Girish Karnad was a man who had the courage to face power: Debesh Chattopadhyay

The last time I met Girish Karnad It was in 2017, in Bangalore. It was August 17. I had gone there to stage my work Tughlaq, which was written by him. I remember asking him: Why did you study mathematics for higher studies? He, in response, asked me: What did you study academically? Chemistry, I said. He smiled and said: 'Look, those who study science have a better understanding and analysis of human problems.' I was extremely ill at that time. He came to the festival with an oxygen tube stuck to his nose. It definitely was not a happy sight.

I am not a playwright. But whatever little I have written so far is deeply influenced by Girish Karnad. What thrilled me was his ability to make a play cerebrally stimulating. At the same time, it was appreciated by the commoners. I realized this while working with a group of Khon artistes in South Dinajpur, in 2013. I staged Girish's Hayavadana with them. Most of the artists were peasants. When I read the text to them, they were fascinated. Not many artists have the courage to stand up against power. Girish Karnad was one such man who had that courage. With his demise, an era of good theater It ended.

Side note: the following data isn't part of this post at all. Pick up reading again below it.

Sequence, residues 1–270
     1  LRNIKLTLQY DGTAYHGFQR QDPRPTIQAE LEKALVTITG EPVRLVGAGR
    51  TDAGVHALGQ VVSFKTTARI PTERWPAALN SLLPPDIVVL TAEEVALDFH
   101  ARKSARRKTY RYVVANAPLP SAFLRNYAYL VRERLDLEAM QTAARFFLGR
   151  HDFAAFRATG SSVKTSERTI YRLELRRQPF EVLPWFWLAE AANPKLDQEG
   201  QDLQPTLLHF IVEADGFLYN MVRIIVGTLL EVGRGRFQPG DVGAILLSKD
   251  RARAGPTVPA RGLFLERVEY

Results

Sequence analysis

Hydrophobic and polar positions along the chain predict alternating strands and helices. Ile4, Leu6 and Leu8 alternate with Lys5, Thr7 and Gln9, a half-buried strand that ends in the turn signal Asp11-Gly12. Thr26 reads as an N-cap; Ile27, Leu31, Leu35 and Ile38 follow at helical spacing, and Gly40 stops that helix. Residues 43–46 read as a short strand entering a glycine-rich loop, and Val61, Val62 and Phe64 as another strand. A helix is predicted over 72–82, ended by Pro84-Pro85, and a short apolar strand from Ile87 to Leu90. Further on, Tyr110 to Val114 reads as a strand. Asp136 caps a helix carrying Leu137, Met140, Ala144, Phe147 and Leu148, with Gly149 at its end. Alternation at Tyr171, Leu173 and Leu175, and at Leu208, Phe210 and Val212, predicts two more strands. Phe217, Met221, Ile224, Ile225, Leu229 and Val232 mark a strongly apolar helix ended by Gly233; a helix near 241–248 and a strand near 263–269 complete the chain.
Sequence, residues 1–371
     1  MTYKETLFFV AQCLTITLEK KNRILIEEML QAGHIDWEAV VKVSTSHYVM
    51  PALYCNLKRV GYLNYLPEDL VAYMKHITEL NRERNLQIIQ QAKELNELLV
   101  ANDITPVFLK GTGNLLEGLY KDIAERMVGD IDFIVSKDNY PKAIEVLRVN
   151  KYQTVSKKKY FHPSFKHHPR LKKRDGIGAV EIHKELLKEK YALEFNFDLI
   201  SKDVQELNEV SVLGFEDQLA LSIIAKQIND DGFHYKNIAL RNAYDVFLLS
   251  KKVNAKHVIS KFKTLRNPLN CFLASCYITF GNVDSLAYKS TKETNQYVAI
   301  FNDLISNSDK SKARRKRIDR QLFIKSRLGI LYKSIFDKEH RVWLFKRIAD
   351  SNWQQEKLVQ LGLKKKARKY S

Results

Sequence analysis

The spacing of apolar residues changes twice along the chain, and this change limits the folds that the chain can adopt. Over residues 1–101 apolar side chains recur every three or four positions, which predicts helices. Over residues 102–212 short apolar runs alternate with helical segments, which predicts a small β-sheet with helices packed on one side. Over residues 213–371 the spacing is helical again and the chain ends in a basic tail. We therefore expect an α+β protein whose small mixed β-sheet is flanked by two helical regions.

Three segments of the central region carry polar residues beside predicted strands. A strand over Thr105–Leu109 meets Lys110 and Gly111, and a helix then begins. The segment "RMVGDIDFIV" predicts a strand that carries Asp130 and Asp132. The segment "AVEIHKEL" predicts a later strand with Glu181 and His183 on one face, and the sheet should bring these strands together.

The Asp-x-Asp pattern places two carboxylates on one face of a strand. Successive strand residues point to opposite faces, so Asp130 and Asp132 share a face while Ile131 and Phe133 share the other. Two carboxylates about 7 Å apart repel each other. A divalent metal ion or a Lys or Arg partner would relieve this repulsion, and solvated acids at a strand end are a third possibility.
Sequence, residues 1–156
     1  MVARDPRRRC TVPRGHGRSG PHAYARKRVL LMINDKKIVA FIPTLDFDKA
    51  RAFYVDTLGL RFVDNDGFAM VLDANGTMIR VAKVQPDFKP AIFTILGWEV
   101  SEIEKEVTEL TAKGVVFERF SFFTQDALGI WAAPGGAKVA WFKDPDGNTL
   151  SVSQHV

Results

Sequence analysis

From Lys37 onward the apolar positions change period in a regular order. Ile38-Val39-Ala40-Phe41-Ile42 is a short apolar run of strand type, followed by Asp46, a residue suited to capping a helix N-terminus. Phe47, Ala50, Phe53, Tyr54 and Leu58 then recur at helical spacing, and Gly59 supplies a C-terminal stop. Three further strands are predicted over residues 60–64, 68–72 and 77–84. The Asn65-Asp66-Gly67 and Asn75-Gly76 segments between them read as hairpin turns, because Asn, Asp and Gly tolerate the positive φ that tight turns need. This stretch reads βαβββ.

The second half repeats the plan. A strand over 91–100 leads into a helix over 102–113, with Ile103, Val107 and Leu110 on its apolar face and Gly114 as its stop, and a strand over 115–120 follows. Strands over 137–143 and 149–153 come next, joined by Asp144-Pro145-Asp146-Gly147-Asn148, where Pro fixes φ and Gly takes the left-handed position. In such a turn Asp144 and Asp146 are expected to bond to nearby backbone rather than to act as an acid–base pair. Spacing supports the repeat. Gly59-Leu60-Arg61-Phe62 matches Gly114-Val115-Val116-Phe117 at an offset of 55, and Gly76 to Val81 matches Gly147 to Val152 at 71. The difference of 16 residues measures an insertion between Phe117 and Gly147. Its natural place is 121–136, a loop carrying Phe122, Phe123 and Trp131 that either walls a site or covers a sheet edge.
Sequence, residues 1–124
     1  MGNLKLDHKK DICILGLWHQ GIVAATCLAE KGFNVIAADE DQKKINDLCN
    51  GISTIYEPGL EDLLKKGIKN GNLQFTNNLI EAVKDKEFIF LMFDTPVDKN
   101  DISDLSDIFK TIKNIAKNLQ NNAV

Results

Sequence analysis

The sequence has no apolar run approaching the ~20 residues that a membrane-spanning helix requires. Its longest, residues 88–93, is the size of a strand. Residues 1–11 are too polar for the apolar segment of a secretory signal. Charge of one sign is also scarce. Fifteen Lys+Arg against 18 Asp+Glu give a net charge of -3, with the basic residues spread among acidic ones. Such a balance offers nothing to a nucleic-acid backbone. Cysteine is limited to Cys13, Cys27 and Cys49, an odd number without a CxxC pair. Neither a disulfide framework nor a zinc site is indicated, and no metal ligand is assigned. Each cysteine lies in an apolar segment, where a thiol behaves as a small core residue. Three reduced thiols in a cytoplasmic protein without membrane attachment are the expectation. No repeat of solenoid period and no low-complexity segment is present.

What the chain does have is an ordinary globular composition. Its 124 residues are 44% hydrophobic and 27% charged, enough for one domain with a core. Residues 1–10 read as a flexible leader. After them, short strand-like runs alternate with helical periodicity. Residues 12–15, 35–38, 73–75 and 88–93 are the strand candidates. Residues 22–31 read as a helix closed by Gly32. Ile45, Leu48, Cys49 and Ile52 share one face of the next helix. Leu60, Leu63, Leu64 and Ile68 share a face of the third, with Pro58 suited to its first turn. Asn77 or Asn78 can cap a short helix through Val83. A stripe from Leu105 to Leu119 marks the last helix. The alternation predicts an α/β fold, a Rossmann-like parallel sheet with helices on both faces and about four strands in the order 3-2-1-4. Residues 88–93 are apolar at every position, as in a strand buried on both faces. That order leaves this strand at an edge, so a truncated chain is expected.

- Debesh Chattopadhyay, who adapted two of Girish Karnad's plays, Hayavadana and Tughlaq

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